The Gathering Cloud is a new hybrid print and web-based work by J. R. Carpenter commissioned by NEoN Digital Arts Festival, which takes place in Dundee, UK, 9-13 November 2016.
This work aims to address the environmental impact of so-called ‘cloud’ computing through the oblique strategy of calling attention to the materiality of the clouds in the sky. Both are commonly perceived to be infinite resources, at once vast and immaterial; both, decidedly, are not.
Fragments from Luke Howard’s classic “Essay on the Modifications of Clouds” (1803) as well as more recent online articles and books on media and the environment are pared down into hyptertextual hendecasyllabic verses. These are situated within surreal animated gif collages composed of images materially appropriated from publicly accessible cloud storage services.
The cognitive dissonance between the cultural fantasy of cloud storage and the hard facts of its environmental impact is bridged, in part, through the constant evocation of animals: A cumulus cloud weighs one hundred elephants. A USB fish swims through a cloud of cables. Four million cute cat pics are shared each day. A small print iteration of “The Gathering Cloud” shared through gift, trade, mail art, and small press economies further confuses boundaries between physical and digital, scarcity and waste.
The Gathering Cloud was commissioned by NEoN Digital Arts Festival, Dundee, UK, 9-13 November 2016. Many thanks to the curators Sarah Cook and Donna Holford-Lovell. Portions of this text were first performed at the Bath Royal Literary and Scientific Institution during the South West Poetry Tour, 1-8 August 2016. Thanks and curses to Annabel Banks for sugesting the hendecasyllabic constraint. Thanks to Kay Lovelace, Rachel McCarthy, Michael Saunby, and the fine folks at the Informatics Lab at the Met Office for tips, tricks, and discussions on code and the weather. And thanks to Jerome Fletcher for everything else.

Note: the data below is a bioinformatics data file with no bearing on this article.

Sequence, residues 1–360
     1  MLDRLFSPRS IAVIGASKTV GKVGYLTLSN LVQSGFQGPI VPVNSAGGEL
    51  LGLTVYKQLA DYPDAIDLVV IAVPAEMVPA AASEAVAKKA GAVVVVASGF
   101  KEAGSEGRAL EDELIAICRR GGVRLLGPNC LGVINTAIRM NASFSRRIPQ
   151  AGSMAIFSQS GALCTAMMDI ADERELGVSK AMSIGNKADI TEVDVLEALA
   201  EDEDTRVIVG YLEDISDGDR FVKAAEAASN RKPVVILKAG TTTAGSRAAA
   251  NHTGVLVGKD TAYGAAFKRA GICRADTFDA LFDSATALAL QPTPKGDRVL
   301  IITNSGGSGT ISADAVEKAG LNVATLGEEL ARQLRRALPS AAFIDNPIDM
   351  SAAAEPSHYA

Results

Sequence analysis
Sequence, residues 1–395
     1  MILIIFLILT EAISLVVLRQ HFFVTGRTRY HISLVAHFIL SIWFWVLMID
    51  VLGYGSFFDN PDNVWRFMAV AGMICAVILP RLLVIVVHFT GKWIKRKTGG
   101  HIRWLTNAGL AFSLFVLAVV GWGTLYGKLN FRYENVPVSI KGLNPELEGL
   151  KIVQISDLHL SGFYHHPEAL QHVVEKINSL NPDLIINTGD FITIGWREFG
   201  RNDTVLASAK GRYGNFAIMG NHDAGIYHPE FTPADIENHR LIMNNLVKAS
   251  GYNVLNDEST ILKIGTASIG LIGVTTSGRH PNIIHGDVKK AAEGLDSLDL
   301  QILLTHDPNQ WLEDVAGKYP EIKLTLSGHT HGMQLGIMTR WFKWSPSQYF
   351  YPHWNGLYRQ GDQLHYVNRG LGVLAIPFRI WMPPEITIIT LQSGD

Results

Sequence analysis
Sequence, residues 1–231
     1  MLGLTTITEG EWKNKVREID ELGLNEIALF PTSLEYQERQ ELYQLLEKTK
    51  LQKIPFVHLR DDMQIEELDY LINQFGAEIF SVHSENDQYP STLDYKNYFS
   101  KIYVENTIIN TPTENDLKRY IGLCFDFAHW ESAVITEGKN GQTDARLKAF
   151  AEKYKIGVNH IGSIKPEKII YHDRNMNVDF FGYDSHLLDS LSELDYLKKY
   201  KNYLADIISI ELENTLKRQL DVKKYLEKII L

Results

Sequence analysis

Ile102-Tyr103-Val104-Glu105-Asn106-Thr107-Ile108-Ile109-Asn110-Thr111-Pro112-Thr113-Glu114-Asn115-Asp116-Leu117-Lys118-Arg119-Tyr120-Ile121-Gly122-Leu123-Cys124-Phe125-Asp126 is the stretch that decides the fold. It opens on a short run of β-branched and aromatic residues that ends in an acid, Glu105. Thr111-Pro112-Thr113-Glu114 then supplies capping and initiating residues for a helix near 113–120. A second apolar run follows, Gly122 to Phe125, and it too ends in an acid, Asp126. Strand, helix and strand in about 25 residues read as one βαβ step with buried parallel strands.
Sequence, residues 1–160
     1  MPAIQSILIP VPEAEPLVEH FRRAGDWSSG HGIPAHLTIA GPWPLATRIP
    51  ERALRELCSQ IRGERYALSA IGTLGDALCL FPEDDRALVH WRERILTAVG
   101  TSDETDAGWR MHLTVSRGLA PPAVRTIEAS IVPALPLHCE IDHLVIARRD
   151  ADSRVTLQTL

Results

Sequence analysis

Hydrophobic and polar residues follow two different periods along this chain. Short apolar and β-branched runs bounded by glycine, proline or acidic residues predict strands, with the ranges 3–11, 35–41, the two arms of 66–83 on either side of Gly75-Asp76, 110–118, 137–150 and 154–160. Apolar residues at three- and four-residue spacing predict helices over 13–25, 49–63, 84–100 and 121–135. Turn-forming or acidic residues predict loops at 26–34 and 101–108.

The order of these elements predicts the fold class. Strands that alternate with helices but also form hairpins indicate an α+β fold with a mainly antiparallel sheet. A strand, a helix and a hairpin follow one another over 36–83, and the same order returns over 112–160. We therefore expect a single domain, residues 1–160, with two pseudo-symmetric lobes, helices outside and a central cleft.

I’ve been interviewed by some really very clever people lately, enough so to prompt me to finally create an INTERVIEWS page for my website. Here are a few highlights:
Last Friday the Montreal-based online journal Lemon Hound published Elvia Wilk in Conversation with J. R. Carpenter, the latest installment in an ongoing conversation Berlin-based writer and editor Elvia Wilk and I have been having since first meeting at In(ter)ventions: Literary Practice at the Edge at The Banff Centre in 2013. Elvia and I met up in London last autumn to dissect various (misleading) terms in the fields of art, net art, literature, and electronic literature. Our conversation ranged over projects both new and old. We discussed code as performance writing, and ending up on the topic of islands as topos, possible only in literature…
Back in January I answered questions from Andrea Zeffiro for J.R. Carpenter: Object-Oriented Interview by Andrea Zeffiro, an interview published by the Media Archaeology Lab at University of Colorado at Boulder. We called it an object-oriented interview because of its focus on, well, objects – including but not limited to slide projectors, cameras, photocopy machines, Roman ruins, geology, process, pragmatics and more… with many thanks to Lori Emerson and team at the Media Archaeology Lab in Boulder.
On 93/11/05, in the PAVO lab at Concordia University in Montreal, I logged onto the internet for the first time. My user name was JR_CARP. I remember these details because I still have the ID card from that first account. After a few months of writing fictional posts to alt.arts.nomad and other USNET groups I got a UNIX account and dove into the wonderful worlds of Telnet, Archie, Gopher, FTP, Purple Crayon, LambdaMOO, c-theory, ALT-X, and so on. The rest, as they say, is a syslog file.
I’ve written about those way back times a number of times in a number of ways over the past twenty years. Here links to a few essays which are still online which I’m not too embarrassed about:
Collaborations are underway toward marking this anniversary. Berlin-based art critic and code-poet Elvia Wilk is currently slogging through the audio archive of an interview we did in London in October. And I am chipping away at answering questions posed by writer and researcher Andrea Zeffiro for what we’re calling an Object Oriented Interview for the Media Archaeology Lab in Boulder, Colorado.